It's easier to leave it in the garage over winter, but there are safe ways to enjoy your classic car through winter. Here are a few tips
There are myriad reasons to tuck your classic away in winter – such as salt, and the gentle fizzing of expensively corroding metal – but were these cars really so winter-inept when new? Well yes, they were, but there are still things you can do to protect your classic if you want to drive it all-year-round.
First, corrosion. Protect not only the underside, but also the insides of box sections and double-skinned areas. Old, flaking underbody seal traps moisture, so scrape it off and paint the steel with a tough corrosion-proofing paint (POR15 is very good in our experience), and apply a strong wax-based coating. The box sections need an internal wax spray. The best way to do this is to entrust your car to a specialist familiar with rustproofing classics. You should also smear grease over the brightwork.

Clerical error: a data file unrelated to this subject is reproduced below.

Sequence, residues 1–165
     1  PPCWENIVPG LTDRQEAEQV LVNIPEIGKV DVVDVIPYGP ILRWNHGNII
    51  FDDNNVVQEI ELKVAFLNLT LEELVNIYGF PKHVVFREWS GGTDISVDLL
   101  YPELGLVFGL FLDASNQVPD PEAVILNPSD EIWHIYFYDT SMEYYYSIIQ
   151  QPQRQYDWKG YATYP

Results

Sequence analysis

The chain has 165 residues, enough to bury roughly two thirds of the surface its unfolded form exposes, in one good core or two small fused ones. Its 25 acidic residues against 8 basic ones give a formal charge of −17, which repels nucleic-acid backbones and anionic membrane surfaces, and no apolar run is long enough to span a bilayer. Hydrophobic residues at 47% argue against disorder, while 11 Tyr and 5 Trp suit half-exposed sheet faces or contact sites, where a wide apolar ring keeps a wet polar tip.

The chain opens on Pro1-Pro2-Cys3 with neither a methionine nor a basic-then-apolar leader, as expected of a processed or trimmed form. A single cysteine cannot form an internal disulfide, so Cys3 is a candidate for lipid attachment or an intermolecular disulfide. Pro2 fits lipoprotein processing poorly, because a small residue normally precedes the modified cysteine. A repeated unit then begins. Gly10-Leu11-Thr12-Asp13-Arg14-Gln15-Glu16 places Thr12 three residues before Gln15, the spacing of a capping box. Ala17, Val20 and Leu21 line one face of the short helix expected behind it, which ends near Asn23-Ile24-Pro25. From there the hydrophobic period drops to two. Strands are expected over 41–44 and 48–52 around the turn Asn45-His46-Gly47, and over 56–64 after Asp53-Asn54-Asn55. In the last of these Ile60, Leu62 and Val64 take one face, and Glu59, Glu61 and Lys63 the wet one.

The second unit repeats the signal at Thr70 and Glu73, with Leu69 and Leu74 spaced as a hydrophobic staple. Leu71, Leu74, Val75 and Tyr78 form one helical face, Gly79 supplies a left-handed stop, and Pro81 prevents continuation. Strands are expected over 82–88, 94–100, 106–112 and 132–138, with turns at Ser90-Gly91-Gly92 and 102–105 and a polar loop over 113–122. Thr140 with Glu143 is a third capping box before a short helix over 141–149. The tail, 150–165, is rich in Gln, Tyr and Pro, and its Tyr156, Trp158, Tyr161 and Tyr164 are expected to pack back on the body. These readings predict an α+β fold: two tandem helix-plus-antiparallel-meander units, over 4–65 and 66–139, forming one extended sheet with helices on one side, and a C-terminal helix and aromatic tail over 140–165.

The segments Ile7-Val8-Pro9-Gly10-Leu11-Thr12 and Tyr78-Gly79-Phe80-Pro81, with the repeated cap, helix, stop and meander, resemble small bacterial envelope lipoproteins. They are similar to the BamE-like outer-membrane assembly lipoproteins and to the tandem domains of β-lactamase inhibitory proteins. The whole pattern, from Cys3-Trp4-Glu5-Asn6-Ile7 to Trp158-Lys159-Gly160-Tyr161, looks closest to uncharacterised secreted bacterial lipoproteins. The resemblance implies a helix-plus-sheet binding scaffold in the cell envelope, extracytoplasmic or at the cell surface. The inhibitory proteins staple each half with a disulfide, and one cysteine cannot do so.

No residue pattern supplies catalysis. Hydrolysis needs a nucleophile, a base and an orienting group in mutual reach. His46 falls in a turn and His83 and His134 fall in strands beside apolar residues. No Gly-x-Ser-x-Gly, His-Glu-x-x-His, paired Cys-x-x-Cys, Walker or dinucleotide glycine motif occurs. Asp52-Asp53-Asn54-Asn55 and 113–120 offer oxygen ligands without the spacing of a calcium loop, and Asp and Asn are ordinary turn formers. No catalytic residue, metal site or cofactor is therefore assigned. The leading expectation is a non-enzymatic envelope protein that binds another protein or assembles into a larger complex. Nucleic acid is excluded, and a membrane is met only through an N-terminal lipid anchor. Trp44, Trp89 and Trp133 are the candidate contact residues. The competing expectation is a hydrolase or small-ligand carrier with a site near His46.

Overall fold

Now, water leaks, one of the most pernicious eroders of classic-car love. Trace them by crawling around inside the car while a companion sprays a hose over it. Then reseal fixed glass, replace seals, grommets and doortrim membranes as necessary, and reduce the misting-up tendency at a stroke.
Heat next. If the heater is poor, and there’s a low reading on the temperature gauge, replace the thermostat. If the reading is normal, then the heater matrix needs a good flush with descaler, or replacement. Poor starting and misfires caused by condensation can be cured with new, snugly fitting ignition leads. Also consider electronic ignition and a vigorously charging alternator.
Tyres should have plenty of tread and be new enough to have decent grip in the wet, and the cooling system should contain recent antifreeze – a solution of 40 to 50% is usual. Check the wipers and washers do a good job, too.
Final tip: try not to let your garden hose freeze up. You’ll need it to wash off the salt as often as you can, especially under the wheelarches. Happy slithering.
Words: John Simister